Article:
SEATTLE -- David Phelps arrived at Safeco Field on Friday, ready to get to work. It's unclear in what role the Mariners will use their new reliever, but he's ready for anything and that suits his new team perfectly.Phelps' versatility as a former starter who can work multiple innings or
SEATTLE -- David Phelps arrived at Safeco Field on Friday, ready to get to work. It's unclear in what role the Mariners will use their new reliever, but he's ready for anything and that suits his new team perfectly.
Phelps' versatility as a former starter who can work multiple innings or be a very effective late-inning reliever made him particularly attractive to Mariners general manager Jerry Dipoto, who has seen what a weapon Chris Devenski has been for the Astros this season in a similar role.
Phelps was acquired from the Marlins on Thursday for four Minor Leaguers. He gathered his wife and three young kids, hopped in a plane and flew the 6 1/2 hours to Seattle to join a team fighting for a postseason berth. The Mariners are in the middle of a four-game series against the Yankees club he pitched for his first three years in the big leagues.
"I'm excited," said the 30-year-old right-hander. "It's meaningful baseball again, a good group of guys in there, going the right direction. I want to be a part of it."
As for how he'll be used?
"Guys that can go multiple innings and handle both sides of the plate against lefties and righties are very valuable," said Mariners manager Scott Servais, who figures to use Phelps to take some of the pressure off other late-inning options Nick Vincent, Steve Cishek, Tony Zych and Marc Rzepczynski as the club tries to get the ball to closer Edwin Diaz.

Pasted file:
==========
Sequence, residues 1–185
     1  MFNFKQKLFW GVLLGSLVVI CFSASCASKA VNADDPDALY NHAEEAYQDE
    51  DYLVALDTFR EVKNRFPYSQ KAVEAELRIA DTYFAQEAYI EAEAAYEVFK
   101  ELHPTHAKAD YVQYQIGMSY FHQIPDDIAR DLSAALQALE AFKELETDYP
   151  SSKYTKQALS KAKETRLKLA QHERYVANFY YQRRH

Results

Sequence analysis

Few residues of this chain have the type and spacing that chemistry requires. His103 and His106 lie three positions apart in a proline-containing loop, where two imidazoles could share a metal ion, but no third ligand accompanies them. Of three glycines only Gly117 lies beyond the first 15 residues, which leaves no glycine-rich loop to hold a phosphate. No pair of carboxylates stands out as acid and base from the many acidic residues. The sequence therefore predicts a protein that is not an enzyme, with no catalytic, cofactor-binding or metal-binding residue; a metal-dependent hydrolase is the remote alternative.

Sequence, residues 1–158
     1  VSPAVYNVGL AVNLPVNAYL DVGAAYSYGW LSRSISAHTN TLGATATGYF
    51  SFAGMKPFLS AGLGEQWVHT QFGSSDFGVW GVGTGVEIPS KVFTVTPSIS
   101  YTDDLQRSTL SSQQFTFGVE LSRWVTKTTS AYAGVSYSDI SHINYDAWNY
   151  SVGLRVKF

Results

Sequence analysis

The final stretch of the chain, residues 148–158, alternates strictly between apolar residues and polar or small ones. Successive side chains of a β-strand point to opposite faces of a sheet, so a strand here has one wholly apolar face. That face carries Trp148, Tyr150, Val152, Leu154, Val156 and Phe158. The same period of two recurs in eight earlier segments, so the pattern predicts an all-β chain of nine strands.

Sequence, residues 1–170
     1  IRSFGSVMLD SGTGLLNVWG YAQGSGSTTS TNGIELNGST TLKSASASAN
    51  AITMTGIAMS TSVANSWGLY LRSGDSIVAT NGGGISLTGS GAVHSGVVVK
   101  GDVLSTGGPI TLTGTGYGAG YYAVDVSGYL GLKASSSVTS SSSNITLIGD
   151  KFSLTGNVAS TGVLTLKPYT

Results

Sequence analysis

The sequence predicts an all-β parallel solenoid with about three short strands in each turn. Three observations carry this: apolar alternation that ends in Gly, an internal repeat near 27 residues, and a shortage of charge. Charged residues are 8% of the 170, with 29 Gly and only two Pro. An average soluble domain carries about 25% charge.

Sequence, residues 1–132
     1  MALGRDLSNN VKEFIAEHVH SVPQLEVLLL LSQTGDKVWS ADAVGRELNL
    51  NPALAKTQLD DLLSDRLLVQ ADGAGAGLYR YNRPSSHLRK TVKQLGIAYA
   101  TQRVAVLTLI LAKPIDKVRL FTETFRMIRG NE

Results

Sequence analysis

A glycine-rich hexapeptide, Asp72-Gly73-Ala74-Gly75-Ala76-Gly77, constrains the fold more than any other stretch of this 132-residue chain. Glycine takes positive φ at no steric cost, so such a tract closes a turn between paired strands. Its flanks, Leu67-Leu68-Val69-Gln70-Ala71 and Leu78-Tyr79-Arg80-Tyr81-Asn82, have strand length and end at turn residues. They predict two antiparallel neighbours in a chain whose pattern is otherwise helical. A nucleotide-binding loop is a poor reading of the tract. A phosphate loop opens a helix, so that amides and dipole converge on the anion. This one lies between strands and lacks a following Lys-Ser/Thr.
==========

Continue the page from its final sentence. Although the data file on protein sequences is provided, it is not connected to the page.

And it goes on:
Phelps posted a 3.45 ERA in 44 outings with the Marlins this year. He came up as a starter with the Yankees and could be an option in the Seattle rotation next year. He started five games last August for the Marlins and was 2-1 with a 2.22 ERA before injuring his oblique in batting practice. He sat out two weeks before finishing out the year in the 'pen.
Which role does he prefer?
"I want to win," Phelps said. "I honestly do not care what role I pitch in. I got caught up with that early in my career. Coming into Spring Training last year, I just said I'm going to be the best version of myself that I can be, regardless of my role, and everything else will take care of itself."
Phelps, a former Notre Dame standout who was drafted by the Yankees in the 14th round in 2008, has come to understand that approach and the evolving nature of MLB's bullpen use.
"Outs are valuable," he said. "It doesn't matter how many you're getting, as long as you're getting them. Your team is going to find value in that. You're seeing more multiinning relievers in baseball. Back in the day, a swing man was basically a long reliever or spot starter. Now you get a guy in Houston like Devenski, who is multiple innings and pitching really big innings for them.
"That was kind of the idea coming into the season for me in Miami, but it didn't end up working out, just the way our pitching staff lined up. But I'm just here to get outs. I'm here to pitch whatever role they need me in and do the best I can."
Greg Johns has covered the Mariners since 1997, and for MLB.com since 2011. Follow him on Twitter @GregJohnsMLB.